2. Intermediate Circle – The Twelve disciples

Jesus went out to a mountainside to pray and spent the night praying to God. When morning came, he called his disciples to him and chose twelve of them… (Luke 6:12-13).

When Jesus had called the twelve together, he gave them power and authority to drive out all demons and to cure disease and he sent them out to preach the kingdom of God and to heal the sick (Luke 9:1-2).

Jesus spent considerable time with the disciples during his earthly ministry. He taught them privately and involved them in his ministry. They traveled with him and watched him in private and public settings. They knew Jesus better than the seventy-two. They were willing to pay the price of three years away from their normal employment to travel with Jesus. They likely saw more of Jesus’ miracles, including healing, demonic outcasts, and new life through the good news of the gospel than the seventy-two.

3. Inner Circle – James, John and Peter

Jesus took Peter, James and John with him and led them up a high mountain where they were all alone. There he was transfigured before them (Mark 9:2). They saw His glory up close!

He (Jesus) did not let anyone follow him except Peter, James and John… into the home of Jairus when Jesus raised his daughter from the dead (Mark 5:37). They saw His power up close!

They went to a place called Gethsemane and Jesus said to his disciples, ‘Sit here while I pray.’ He took Peter, James and John along with him and he began to be deeply distressed and troubled. ‘My soul is overwhelmed with sorrow to the point of death’ he said to them. ‘Stay here and keep watch.’ (Mark 14:32-34). They saw His pain up close.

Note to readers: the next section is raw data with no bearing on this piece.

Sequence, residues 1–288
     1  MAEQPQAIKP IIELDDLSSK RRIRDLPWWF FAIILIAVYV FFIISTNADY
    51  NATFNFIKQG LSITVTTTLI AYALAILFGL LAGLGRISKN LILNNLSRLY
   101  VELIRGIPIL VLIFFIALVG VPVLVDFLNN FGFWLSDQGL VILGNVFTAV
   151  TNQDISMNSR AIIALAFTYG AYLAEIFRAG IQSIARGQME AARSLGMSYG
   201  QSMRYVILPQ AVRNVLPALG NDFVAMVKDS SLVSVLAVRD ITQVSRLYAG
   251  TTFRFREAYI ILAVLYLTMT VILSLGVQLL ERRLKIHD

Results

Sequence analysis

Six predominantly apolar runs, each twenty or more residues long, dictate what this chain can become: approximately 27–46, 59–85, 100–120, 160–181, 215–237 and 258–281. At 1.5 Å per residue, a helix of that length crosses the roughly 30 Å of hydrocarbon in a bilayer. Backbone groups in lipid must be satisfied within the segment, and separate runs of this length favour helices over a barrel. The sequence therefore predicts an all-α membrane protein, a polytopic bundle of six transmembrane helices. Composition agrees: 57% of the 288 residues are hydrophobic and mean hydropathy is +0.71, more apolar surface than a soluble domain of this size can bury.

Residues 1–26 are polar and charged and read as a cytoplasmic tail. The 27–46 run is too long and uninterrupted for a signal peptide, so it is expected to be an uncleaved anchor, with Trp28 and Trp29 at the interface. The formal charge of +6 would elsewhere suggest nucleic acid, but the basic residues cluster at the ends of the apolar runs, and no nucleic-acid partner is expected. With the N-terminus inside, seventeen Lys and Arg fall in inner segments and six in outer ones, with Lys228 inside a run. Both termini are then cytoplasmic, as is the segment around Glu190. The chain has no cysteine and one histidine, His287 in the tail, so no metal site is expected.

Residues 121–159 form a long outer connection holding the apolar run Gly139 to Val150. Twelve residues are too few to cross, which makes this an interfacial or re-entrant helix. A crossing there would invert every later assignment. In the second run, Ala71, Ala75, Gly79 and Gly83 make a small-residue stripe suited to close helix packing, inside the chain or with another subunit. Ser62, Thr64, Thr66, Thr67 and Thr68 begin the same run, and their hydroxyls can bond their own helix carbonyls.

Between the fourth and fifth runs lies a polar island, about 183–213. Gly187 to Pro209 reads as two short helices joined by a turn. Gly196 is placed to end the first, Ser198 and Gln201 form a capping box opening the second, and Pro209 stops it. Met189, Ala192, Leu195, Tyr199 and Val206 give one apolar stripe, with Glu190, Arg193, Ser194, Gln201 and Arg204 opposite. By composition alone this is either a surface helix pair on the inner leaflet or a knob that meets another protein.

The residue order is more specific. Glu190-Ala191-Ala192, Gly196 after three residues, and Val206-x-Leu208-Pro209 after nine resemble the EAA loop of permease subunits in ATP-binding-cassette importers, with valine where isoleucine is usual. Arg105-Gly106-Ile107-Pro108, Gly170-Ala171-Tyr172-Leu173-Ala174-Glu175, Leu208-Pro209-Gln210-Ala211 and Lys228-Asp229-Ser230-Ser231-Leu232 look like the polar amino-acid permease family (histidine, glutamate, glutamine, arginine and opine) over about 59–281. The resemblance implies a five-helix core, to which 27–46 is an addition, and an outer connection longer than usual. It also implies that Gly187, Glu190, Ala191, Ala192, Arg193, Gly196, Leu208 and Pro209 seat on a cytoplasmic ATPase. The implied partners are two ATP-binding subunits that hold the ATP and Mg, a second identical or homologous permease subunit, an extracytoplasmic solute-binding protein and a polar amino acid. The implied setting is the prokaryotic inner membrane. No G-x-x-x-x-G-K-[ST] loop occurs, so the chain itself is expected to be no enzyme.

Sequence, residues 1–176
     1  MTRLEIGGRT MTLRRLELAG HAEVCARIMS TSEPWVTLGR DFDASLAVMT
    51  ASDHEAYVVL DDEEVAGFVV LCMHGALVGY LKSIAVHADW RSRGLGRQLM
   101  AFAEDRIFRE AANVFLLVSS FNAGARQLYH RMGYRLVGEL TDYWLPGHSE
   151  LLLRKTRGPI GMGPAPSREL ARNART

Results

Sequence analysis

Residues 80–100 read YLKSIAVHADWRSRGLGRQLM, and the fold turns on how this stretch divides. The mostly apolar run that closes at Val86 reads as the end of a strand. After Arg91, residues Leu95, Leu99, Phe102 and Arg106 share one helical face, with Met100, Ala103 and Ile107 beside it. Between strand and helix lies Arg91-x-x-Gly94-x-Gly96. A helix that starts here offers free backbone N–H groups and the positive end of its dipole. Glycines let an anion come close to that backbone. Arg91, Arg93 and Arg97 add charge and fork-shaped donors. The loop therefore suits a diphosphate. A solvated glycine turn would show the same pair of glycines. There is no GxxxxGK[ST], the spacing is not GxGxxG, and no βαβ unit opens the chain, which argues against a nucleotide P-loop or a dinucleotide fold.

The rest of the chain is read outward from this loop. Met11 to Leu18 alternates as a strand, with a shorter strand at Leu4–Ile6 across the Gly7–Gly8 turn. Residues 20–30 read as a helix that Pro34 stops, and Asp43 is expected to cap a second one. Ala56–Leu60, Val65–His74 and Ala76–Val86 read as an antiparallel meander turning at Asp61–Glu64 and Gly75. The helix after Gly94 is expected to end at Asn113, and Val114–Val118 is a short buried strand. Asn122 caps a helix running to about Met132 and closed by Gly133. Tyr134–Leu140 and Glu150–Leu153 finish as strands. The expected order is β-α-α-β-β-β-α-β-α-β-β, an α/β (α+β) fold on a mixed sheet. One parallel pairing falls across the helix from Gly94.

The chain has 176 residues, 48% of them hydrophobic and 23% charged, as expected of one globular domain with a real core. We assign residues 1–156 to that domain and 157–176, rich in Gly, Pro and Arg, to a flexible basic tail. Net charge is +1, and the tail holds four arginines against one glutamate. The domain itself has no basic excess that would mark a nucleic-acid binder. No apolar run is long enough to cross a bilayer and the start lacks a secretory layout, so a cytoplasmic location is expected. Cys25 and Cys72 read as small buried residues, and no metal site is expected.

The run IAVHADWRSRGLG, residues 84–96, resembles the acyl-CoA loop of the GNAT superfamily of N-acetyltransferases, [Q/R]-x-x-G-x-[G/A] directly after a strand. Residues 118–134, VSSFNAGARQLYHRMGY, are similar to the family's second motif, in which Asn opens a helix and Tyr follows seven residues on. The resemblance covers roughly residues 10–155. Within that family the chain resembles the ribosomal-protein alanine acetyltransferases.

Jesus revealed himself more intimately to these three disciples. These men did not always respond the way Jesus hoped they would, yet they were willing to pay the price of a closer communion with Jesus. Jesus knew their heart and revealed the glory and the pain of his life as few others knew.

Could any of the twelve been in the inner circle?  Was their relationship with Jesus the result of their own choices, the result of their level of response to Jesus’ love and training?

Did temperament exclude the other disciples? Who could compare to volatile Peter and brash James and John? If perfection was a criteria, then wouldn’t Peter the denier and James and John the place-seekers have been excluded?

But wait, isn’t there one more circle?

We will explore that in Intimate Circle, my next post

About Bev Hislop

Dr. Bev Hislop is currently Professor of Pastoral Care at Western Seminary, developing and teaching pastoral care to women courses. She also served as the Executive Director of the Women’s Center for Ministry at Western. She authored Shepherding Women in Pain and Shepherding a Woman’s Heart, Moody Publishers. Bev has established and led ministries for women in churches and communities on the west and east coasts of the U.S. and overseas. She has a passion for more effective shepherding in church and parachurch environments.

Comments

  1. Can’t wait to read the next one!!!!